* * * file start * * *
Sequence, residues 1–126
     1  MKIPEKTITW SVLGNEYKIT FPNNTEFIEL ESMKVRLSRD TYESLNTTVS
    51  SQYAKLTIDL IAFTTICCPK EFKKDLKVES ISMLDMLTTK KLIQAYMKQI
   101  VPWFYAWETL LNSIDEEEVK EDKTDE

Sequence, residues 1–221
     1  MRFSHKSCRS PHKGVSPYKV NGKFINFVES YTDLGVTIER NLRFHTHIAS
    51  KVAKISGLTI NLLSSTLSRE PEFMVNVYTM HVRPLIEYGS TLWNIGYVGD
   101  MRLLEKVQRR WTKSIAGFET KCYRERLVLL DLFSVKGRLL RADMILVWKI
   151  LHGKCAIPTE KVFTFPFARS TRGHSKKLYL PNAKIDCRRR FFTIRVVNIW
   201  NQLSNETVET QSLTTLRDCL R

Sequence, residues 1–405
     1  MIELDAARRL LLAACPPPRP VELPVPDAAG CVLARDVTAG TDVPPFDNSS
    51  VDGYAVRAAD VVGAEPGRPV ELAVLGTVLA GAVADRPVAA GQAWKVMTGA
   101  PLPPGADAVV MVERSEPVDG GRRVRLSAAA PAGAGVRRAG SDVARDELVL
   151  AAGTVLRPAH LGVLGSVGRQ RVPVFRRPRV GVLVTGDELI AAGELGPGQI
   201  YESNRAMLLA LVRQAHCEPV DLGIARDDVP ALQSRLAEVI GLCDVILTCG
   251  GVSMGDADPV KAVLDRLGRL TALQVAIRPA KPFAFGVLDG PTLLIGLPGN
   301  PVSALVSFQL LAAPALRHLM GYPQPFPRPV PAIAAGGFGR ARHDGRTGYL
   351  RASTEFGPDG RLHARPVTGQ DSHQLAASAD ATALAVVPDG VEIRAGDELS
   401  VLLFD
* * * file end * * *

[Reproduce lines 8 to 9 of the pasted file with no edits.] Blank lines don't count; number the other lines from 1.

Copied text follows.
   101  MRLLEKVQRR WTKSIAGFET KCYRERLVLL DLFSVKGRLL RADMILVWKI
   151  LHGKCAIPTE KVFTFPFARS TRGHSKKLYL PNAKIDCRRR FFTIRVVNIW